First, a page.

Another six months passed. It was October 2016 and Leo got a phone call, “We think we got things right now,” he recalls. So Leo flew up and had another meeting with the team. “This time the team had a concept that I was really, really happy with and so we closed the deal that day,” he says.
It was very important that his new machine have high views out the cab and therefore a sufficient cab riser. “This objective was met. Now when a truck pulls up beside the operator to get unloaded, he can see the top of his load and he can see where his grapple is actually going. Before, the operator almost had to guess where his grapple was actually grabbing,” explains Leo. “Another critical item was service access. Tim went through a lot of pain to design it so that all the components are individually accessible and easy to access and replace.”
Another one of Leo’s objectives was more lift capacity. He wanted a machine that could lift twice the capacity of his previous machine without using outriggers. This was a critical part of the engineering development. “And I wanted 50 per cent more carrying capacity. I had a 20-ton carrying capacity on my older model and I wanted a 30-ton carrying capacity on the Tigercat,” Leo says. “And that’s what I got.”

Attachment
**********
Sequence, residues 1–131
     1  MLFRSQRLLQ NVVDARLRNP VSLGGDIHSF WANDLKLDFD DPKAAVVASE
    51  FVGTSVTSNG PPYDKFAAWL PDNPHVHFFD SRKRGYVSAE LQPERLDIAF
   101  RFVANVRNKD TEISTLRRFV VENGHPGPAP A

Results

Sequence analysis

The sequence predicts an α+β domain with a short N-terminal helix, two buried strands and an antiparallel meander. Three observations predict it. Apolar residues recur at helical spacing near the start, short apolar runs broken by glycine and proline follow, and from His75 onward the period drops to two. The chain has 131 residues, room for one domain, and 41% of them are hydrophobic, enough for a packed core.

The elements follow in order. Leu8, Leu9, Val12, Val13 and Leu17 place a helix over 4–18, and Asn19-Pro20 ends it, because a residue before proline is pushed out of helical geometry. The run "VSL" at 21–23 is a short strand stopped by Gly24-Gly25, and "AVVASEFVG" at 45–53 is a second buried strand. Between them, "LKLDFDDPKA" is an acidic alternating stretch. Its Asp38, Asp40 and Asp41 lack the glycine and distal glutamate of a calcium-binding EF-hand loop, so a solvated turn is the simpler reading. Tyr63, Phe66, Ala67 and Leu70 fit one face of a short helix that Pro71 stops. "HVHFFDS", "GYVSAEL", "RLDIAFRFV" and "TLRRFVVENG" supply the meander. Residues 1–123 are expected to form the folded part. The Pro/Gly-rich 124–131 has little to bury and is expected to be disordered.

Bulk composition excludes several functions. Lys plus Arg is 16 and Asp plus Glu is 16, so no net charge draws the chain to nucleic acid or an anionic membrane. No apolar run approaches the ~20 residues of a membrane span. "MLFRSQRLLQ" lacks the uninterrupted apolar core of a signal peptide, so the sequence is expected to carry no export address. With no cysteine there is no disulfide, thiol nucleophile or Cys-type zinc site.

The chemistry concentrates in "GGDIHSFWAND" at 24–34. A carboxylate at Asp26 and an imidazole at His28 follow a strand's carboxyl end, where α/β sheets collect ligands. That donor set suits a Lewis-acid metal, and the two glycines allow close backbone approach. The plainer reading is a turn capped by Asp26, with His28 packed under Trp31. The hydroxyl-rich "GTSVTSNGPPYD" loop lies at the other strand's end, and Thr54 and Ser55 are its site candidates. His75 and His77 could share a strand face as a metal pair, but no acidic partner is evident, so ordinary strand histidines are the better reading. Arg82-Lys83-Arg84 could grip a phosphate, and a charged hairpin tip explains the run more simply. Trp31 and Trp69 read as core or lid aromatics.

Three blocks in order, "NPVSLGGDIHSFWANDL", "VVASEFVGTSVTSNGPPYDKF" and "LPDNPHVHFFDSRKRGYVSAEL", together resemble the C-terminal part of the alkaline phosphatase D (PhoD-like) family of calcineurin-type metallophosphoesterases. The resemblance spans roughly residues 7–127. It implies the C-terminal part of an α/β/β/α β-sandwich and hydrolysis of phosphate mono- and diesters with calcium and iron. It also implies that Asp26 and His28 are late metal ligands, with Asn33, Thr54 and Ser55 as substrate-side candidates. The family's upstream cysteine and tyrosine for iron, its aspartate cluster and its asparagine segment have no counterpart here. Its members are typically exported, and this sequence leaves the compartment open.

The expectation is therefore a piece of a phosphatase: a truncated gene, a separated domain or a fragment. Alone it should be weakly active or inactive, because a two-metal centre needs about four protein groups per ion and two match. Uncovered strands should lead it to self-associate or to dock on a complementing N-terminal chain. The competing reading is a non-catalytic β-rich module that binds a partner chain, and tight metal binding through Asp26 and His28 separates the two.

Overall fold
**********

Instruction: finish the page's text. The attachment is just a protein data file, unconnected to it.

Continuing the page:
In early October 2017, the machine was complete. Leo, Durrel and Llewellyn flew up one more time and ran the machine in the Tigercat yard. “I was anticipating finding something that wasn’t quite to my satisfaction, but believe me there wasn’t a thing I could complain about. Everything was exactly like I was hoping for it to be. I couldn’t even find one thing that I wanted changed. All the controls were exactly how I hoped. It was more than I had hoped to discover,” explains Leo.
The machine was officially delivered to Eby’s Sawmill in Clearville in November 2017 and has accumulated over 1,000 hours so far. “It is an impressive machine. There are a lot of yard machines available out here but they all move turtleslow across your yard and they all require four outrigger pads to stabilize them. While handy in the right situation, in my situation, I need mobility all the time,” explains Leo. Although he has a lot of responsibility around the mill, he says he looks for every opportunity to jump in and operate the 2160. “It’s just so fun to run,” says Leo.
This article originally appeared in Between the Branches, April 2018, the official publication of Tigercat Industries Inc.
To read more Tigercat Between the Branches stories, visit www.tigercat.com/btb.